Ian Martin Bachiller

Ian Martin Bachiller

In the dictionary, there is an exact definition of "home."


Jealous. That's how I feel. Because I wish I had an exact definition of home.

I was born on September 19, 1994 to wonderful and supportive parents Arnel and Gemma Bachiller in Legaspi City, Philippines. Surrounded by the warm, tropical climate and loving relatives and friends, I was more than proud to call it home. Growing up in the Philippines meant growing up in a household with three combined families. Extended families just didn't exist. They were all immediate family. In December 2003, my father received a job opportunity to be a physical therapist here in the United States. We just couldn't let go of that opportunity and we decided to take it.

Moving to a different school is hard. Moving to a different country is painful.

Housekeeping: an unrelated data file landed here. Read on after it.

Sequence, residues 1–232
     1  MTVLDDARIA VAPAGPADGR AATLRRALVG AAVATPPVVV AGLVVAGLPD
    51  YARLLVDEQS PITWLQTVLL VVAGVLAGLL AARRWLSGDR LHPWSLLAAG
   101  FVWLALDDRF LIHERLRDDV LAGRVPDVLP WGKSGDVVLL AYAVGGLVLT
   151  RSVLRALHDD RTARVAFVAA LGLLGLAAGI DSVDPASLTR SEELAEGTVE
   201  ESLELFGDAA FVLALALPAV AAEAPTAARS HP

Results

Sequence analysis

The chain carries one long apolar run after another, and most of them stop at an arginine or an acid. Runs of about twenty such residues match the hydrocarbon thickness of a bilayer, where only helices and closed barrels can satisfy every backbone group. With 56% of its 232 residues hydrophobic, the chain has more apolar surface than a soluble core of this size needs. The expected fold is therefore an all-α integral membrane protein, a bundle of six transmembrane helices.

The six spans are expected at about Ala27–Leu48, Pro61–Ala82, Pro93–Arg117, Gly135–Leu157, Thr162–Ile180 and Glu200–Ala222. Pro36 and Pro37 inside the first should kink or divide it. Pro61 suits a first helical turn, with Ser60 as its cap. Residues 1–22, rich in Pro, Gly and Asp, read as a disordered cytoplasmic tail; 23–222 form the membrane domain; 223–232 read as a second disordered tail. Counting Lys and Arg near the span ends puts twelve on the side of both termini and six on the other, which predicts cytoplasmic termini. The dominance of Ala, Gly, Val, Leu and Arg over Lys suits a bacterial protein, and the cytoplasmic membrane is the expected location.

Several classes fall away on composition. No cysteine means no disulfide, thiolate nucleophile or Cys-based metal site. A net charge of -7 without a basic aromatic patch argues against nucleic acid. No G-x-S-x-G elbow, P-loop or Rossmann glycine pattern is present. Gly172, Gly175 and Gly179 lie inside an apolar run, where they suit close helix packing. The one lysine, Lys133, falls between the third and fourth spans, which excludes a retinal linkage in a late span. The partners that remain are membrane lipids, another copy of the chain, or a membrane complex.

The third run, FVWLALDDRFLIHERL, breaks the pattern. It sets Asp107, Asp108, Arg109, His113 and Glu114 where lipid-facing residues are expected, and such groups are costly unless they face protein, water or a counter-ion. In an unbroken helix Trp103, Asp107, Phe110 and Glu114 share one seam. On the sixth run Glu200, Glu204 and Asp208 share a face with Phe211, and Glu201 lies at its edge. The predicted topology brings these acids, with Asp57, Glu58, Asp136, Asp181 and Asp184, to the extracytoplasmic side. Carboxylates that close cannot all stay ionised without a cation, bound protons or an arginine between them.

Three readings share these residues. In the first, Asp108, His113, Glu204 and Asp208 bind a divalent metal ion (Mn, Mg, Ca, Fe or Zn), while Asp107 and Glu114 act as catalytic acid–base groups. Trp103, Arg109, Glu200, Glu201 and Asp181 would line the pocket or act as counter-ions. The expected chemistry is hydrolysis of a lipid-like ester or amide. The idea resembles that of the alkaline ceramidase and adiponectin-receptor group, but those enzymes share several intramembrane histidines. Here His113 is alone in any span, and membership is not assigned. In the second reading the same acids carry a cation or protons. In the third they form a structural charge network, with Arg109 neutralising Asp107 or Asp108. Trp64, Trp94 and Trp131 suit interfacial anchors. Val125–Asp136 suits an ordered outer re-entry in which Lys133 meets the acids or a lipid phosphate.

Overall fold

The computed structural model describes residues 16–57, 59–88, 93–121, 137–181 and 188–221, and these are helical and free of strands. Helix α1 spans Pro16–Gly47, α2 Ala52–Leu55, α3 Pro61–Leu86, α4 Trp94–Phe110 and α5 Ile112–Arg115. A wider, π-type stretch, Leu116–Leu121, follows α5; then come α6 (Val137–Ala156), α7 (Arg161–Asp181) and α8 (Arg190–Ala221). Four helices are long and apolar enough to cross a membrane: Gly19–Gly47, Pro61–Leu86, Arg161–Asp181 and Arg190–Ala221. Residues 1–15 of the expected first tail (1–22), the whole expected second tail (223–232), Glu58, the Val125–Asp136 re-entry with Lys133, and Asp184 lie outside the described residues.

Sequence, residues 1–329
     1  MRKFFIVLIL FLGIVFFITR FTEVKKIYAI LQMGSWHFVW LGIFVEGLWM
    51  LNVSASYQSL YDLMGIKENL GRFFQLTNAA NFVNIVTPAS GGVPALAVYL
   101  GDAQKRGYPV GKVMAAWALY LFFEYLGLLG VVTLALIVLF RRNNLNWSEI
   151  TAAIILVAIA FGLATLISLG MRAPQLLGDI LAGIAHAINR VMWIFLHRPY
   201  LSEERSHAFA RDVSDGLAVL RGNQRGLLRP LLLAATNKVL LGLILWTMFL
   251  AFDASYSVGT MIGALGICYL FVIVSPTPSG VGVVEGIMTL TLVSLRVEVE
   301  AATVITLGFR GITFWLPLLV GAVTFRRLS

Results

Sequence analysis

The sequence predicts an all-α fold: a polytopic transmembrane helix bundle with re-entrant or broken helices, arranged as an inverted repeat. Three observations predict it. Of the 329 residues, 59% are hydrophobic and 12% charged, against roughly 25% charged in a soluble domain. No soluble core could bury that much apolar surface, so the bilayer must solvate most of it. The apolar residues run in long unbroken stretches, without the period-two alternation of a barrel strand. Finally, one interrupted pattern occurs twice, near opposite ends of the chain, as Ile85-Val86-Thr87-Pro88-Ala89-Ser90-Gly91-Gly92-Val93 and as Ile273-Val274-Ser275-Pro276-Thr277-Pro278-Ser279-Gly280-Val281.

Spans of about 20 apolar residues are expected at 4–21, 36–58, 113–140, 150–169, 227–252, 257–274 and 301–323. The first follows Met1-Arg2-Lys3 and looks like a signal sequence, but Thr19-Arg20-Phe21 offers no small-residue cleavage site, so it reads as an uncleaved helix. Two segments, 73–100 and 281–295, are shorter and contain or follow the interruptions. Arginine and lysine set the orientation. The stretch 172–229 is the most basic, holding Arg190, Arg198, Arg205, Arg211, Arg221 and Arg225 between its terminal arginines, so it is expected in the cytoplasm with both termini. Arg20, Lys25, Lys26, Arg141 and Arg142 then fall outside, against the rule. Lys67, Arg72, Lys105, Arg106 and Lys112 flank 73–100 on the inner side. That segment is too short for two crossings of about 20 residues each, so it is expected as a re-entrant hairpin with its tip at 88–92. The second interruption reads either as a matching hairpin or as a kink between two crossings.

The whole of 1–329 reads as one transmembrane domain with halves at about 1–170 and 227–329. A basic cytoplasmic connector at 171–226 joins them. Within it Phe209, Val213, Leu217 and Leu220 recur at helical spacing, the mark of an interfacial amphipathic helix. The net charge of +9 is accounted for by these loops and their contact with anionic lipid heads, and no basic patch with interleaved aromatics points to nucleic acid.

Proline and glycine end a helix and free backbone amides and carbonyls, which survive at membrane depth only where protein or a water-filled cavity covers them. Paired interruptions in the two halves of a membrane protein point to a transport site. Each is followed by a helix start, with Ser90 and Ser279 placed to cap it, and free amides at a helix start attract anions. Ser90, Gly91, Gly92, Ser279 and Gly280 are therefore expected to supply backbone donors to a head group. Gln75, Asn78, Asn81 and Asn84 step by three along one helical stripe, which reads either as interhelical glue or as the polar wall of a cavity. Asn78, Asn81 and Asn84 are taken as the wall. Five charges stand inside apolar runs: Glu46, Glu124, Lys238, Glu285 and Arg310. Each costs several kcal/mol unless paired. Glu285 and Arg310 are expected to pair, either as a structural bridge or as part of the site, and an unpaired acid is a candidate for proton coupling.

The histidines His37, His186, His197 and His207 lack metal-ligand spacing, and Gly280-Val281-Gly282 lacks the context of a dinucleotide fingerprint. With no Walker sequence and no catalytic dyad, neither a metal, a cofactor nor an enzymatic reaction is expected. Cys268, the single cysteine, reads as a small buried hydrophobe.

Uprooted and confused, I had to start over. All the way over. I had no friends and only a few relatives. To make things even more difficult, I had to endure the culture shock of moving into a new country and the occasional racism. The traditions, way of life, and language took a toll on me and my family. Nevertheless, I didn't lose sight of the bright future that this country can offer me. After a few years in school, I finally stopped feeling alienated. I actually had friends and I was slowly adapting (and even liking!) the new way of life. After high school, I finally accepted that this country has so much to offer. Having many opportunities such as going to a prestigious college, being financially stable, and being able to cross paths with a very diverse set of people is very exciting.

Where does that leave home? Many people ask which country I've grown to love more. The answer has varied over time. At the beginning, it was an emphatic "PHILIPPINES FOR SURE!" Now it has changed to an apprehensive answer.

"I think I like it better here now..."

To be honest, I'm not even sure which one I consider home now.

Frankly, I think it's impossible to choose just one